The polar bear should be immediately listed as a 'threatened' species, due to the meltdown of its sea-ice habitat caused by global warming.
The lawsuit seeks a court order to compel the administration to
issue the final decision immediately. Greenpeace activists returned
to the US Department of Interior yesterday, designating the
building as a 'critical habitat for oil lobbyists'.
Highlighting the repeated delays and deception with the listing
process, the Department of Interior has used the time to press
ahead with plans to lease 29 million acres of prime polar bear
habitat for oil drilling.
A fifth of the remaining Arctic polar bears depend on Chukchi
Sea ice in their hunt for food, yet new oil leases are opening up
in the area and oil companies are lining up to obtain licences to
View a slideshow of Greenpeace activists at the
Department of Interior.
Rising Arctic temperatures are reducing both the extent and
duration of the sea ice, forcing polar bears to spend more time on
land away from vital food supplies. The disappearing ice is
particularly hard on breeding females, who must feed both
themselves and their cubs.
In some areas, polar bear birth rates have dropped by up to 15%
in the last decade.
Some climate models predict that the Arctic could be completely
ice-free in summer by 2030. While, the US Geological Survey issued
a report in September 2007 warning that, if current global warming
projections continue, two-thirds of the world's polar bears will
likely be extinct by 2050.
Drilling for oil in the Chukchi Sea will also subject polar
bears to the threat of oil spills and other industrial
disturbances. But, it doesn't stop there - once the oil is burned,
it will exacerbate global warming, and that in turn will accelerate
the melting of the Arctic sea ice.
With grim statistics and timelines like this, it's hard to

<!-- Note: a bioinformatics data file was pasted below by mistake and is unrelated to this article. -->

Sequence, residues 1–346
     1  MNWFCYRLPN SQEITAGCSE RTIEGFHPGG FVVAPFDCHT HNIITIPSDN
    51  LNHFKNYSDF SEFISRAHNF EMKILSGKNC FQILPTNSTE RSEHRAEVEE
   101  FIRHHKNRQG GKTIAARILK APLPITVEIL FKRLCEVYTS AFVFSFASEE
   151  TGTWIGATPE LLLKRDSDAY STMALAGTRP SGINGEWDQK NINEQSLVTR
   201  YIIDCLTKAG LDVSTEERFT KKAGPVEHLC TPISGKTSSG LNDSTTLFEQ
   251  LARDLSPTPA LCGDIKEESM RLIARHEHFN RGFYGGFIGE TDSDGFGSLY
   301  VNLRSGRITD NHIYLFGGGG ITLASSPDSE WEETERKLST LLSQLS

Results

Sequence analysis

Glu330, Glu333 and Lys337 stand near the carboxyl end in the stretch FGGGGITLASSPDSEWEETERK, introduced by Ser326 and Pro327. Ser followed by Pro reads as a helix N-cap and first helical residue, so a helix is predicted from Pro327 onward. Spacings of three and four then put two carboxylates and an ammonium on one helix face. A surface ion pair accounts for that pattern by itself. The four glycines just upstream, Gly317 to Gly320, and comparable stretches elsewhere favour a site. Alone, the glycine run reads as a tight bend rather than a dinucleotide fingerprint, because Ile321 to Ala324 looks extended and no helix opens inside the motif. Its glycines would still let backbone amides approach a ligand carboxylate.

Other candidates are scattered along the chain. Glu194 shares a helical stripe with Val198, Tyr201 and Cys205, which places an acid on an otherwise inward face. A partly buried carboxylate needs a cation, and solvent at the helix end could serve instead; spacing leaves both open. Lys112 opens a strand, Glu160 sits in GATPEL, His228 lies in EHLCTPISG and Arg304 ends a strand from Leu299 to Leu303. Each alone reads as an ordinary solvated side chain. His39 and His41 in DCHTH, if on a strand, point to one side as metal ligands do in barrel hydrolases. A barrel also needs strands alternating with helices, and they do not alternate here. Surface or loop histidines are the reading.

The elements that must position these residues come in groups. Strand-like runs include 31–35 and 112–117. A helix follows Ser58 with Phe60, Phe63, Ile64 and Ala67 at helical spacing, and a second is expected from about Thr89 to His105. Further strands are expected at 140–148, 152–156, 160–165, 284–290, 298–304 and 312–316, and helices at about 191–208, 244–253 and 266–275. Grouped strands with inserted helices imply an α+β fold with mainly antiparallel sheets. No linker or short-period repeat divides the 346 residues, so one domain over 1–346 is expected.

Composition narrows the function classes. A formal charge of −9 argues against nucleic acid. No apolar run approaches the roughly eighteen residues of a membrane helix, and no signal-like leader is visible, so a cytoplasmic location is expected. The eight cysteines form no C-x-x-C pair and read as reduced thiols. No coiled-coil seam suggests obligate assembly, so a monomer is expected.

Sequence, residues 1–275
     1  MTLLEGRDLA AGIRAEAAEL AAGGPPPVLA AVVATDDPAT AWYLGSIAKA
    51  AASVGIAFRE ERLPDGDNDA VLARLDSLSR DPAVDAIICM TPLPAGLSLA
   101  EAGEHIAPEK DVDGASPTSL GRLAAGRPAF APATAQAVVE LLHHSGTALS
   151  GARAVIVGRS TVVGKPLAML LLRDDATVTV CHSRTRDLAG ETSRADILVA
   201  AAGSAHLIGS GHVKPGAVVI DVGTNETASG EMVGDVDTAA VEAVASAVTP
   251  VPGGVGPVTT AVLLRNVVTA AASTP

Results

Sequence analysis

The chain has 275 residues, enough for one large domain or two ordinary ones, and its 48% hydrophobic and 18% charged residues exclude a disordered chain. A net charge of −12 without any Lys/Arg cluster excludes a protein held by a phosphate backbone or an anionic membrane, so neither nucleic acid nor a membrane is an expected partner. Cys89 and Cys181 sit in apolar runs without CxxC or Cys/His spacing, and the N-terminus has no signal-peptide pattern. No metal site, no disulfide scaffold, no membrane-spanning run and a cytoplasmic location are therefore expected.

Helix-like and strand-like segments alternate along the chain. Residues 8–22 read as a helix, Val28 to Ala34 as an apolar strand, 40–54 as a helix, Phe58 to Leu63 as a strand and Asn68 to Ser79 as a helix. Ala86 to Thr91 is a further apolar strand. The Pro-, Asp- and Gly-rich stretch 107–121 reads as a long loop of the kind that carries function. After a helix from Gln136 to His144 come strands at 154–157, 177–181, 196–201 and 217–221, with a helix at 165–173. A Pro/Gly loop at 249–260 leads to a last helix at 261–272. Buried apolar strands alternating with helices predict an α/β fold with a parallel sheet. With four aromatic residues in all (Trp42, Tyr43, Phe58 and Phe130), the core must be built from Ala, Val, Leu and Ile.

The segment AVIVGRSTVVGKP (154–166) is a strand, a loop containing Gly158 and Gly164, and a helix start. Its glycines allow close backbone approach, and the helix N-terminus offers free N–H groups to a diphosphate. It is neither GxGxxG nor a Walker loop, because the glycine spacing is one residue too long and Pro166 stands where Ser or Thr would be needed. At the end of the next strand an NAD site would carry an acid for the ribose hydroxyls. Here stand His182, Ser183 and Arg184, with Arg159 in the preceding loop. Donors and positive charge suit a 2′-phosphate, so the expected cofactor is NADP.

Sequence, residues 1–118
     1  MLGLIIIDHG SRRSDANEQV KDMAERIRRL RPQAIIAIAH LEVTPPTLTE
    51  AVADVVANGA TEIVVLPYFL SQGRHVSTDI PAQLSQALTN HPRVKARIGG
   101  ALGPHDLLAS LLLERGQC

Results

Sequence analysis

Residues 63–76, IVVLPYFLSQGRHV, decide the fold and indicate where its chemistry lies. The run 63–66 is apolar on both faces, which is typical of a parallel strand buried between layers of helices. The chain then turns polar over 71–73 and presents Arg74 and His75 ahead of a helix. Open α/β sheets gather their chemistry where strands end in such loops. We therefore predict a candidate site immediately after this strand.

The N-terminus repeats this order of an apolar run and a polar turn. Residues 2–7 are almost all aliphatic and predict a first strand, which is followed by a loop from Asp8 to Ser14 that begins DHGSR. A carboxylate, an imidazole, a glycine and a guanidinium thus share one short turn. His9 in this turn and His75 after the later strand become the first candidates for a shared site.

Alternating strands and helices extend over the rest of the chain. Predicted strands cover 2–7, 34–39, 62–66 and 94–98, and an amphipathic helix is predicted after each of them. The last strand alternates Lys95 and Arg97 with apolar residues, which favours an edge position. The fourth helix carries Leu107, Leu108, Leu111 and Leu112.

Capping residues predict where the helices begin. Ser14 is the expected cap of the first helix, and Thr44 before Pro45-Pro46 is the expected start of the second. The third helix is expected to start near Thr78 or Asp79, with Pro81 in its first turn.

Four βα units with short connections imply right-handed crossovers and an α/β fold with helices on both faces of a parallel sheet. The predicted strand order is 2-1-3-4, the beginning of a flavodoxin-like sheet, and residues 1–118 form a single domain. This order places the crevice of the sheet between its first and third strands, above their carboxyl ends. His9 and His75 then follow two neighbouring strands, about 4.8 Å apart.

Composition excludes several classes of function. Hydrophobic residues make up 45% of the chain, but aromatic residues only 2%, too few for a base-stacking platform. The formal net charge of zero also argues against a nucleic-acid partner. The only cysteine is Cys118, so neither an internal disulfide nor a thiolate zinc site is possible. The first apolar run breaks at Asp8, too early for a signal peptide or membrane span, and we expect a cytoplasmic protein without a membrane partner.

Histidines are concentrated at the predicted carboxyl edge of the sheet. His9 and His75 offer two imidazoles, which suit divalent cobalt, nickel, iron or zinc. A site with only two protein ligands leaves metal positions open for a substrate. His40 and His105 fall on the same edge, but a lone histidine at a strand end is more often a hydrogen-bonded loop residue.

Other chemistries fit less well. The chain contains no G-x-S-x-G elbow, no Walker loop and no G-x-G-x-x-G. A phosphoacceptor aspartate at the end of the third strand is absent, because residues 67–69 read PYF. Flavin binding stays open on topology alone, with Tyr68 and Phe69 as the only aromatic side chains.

understand why polar bears aren't already being protected. Being
listed as a "threatened" species under the US' Endangered Species
Act (ESA) will ensure that any action carried out, authorised or
funded by the United States government does not jeopardise polar
bears' continued existence or adversely modify their critical
So, forming a coalition with the Centre for Biological Diversity
and the Natural Resources Defense Council (NRDC), we initiated the
ESA process for the polar bear back in February 2005, calling for
it to be listed under the Act due to global warming. It was time to
throw the polar bears a desperately needed lifeline.
Under the ESA, a listing process of no longer than two years
must be followed. Together with the Center for Biological Diversity
and the NRDC, we sued the Bush Administration in December 2005 when
it missed the first deadline in this process. In February 2006, in
response to our lawsuit, the US Fish and Wildlife Service announced
that the protection of polar bears "may be warranted," and began a
A settlement agreement in the case committed the Service to make
the second of three required findings in the listing process by
December 2007. At this time, the Service announced its proposal to
list the species as threatened and had one year to make the final
To date, the US government has received more than 670,000
messages in support of protecting the polar bear, including letters
from eminent polar bear experts, climate scientists and US Congress
members - a record number of comments in support of an Endangered
Species Act listing.
The legal deadline to make the final decision to list the polar
bear was January 9, 2008. It is now two months overdue. That's why
we're going back to the courtroom. There's no more time for delay -
the US must list the polar bear as a threatened species and take
those steps to ensure that it is fully protected.
The US needs to act now - cancelling oil-drilling leases in the
Chukchi Sea and immediately implementing plans for deep cuts in US
global warming pollution.
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